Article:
2. British Arts & Crafts movement; the École des Beaux-Arts
  3. Theory discussion

March 20-26: Tall Buildings and the Belle Époque [PRELIMINARY]

Objectives: At the end of this unit, you should be able to:

  • Remember and identify key buildings, patrons, architects, building technology, and theories from the late 19th c. and turn of the century
  • Use professional terminology accurately and explain how new terms reveal new concerns
  • Interpret the cultural factors in major US and European cities that affected change in architectural design
  • Classify design principles that distinguish the range of approaches to tall building design in the US and the variety of art nouveau idioms across Europe

By Friday (1 PM):

  1. Take: pre-study quiz
  2. Access: unit outline (& #2)

By Monday (1 PM):

  1. Read Buildings Across Time, chapter 14 (422-425 and 429-449)
  2. Watch: "Paris Metros" (SmartHistory, 4 min.)
  3. Watch: "Sagrada Familia" (SmartHistory, 6 min.)
  4. Take: post-study quiz 
  5. Complete this assignment
  6. Reflect: on your study for the week; record your observations in the template and bring it to class.
  7. For additional insights, review: recreating Sullivan's 19th-century ornament with 21st-century toolsParis Exposition of 1889 (website); and Paris Exposition of 1889 (another website)

On Tuesday

  1.  Tall Buildings, Belle Epoque
  2. Activity: Art Nouveau

March 27-April 02: Early Modernism: The Machine Age [PRELIMINARY]

Objectives: At the end of this unit, you should be able to:

  • Remember and identify key buildings, architects, building technology (especially ferro-concrete), and theories from the early 20th c.'s "Machine Age"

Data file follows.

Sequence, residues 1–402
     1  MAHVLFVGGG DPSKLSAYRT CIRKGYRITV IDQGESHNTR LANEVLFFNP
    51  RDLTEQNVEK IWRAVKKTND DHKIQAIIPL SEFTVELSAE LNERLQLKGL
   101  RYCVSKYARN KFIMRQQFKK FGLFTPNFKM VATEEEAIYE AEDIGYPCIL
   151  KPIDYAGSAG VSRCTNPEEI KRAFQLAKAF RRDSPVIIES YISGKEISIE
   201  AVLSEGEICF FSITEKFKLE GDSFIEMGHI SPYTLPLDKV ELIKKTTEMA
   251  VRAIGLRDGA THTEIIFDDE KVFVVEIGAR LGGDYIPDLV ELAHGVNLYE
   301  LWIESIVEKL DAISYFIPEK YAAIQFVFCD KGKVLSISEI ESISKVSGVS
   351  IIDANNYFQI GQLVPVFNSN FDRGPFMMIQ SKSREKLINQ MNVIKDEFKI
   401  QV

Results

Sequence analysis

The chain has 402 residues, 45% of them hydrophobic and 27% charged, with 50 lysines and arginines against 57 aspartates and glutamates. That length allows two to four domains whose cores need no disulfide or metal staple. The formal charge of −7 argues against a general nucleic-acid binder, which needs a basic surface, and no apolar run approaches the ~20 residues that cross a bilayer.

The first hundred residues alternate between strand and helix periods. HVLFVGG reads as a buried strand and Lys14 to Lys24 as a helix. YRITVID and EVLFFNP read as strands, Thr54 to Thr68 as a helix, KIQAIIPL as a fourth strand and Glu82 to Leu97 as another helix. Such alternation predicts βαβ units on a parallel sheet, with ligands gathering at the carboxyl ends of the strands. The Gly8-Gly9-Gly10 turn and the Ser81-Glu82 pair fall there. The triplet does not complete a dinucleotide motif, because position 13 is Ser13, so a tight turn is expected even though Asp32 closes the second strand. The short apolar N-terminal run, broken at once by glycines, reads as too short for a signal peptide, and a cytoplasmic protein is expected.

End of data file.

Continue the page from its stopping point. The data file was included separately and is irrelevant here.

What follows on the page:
• Use professional terminology accurately and explain how new terms reveal new concerns
  • Interpret the cultural factors that affected change in architectural design in Europe in the first decades of the 20th c.
  • Classify design principles that distinguish the many idioms of "Machine Age" architecture

By Friday (1 PM):

  1. Take: pre-study quiz
  2. Access: unit outline

By Monday (1 PM):

  1. Read Buildings Across Time, chapter 15 (451-463 & 477-483)
  2. Watch: "Steel and Concrete" (YouTube, 5 min.) (you can tune out after the presenter gets to the couplers)
  3. Watch: "Notre-Dame de Raincy" (YouTube, 26 min.)
  4. Watch: "AEG" (Companies HIstory, 6 min.)
  5. Watch: "Robie House" (9 min.)
  6. Take: post-study quiz
  7. Reflect: on your study for the week; record your observations in the template and bring it to class.
  8. For additional insights, review: "raumplan" through an analysis of the Haus Müller (4 min.); timeline of the history of reinforced concretehistory of the AEG (the company itself & Behren's place in it; 10 min.);  AEG & Fagus factories (26 min.)

On Tuesday

  1. Early Modernism; the Machine Age
  2. Activity: What is "modern"?

April 3-9: Early European Modernism: The “Neues Bauen” [PRELIMINARY]

Objectives: At the end of this unit, you should be able to:

  • Remember and identify key buildings, architects, building technology, and theories from the 1920s & '30s in Europe
  • Use professional terminology accurately and explain how new terms reveal new concerns
  • Interpret the cultural factors that affected change in architectural design in Europe in the 1920s & '30s; explain the impact of Modernist theory on the role of women in the profession
  • Classify design principles that distinguish the neues bauen and de Stijl
  • Understand the main ideas in select architectural theories and explain how those ideas are manifest in architectural design

By Friday (1 PM):

  1. Take: pre-study quiz
  2. Access: unit outline
  3. Complete theory assignment

By Monday (1 PM):

  1. Read: Buildings Across Time, chapter 15 (483-505)
  2. Watch: Schroeder House (4 min.) and this stop motion (2 min.) and oh while you're at it, this (1 min.) is kind of fun, too
  3. Watch: Bauhaus projects (1 min.)
  4. Watch: Bauhaus: part 1  (15 min.) and part 2 (13 min.)
  5. Watch: Villa Savoye and the Five Points of Architecture (3 min.)
  6. Visit: Villa Savoye
  7. Visit: The German Pavilion (5 min.)
  8. Take: post-study quiz
  9. Review this chart to participate in the discussion forum (Le Corbusier) if you are assigned to "follow-up"
  10. Reflect: on your study for the week; record your observations in the template and bring it to class.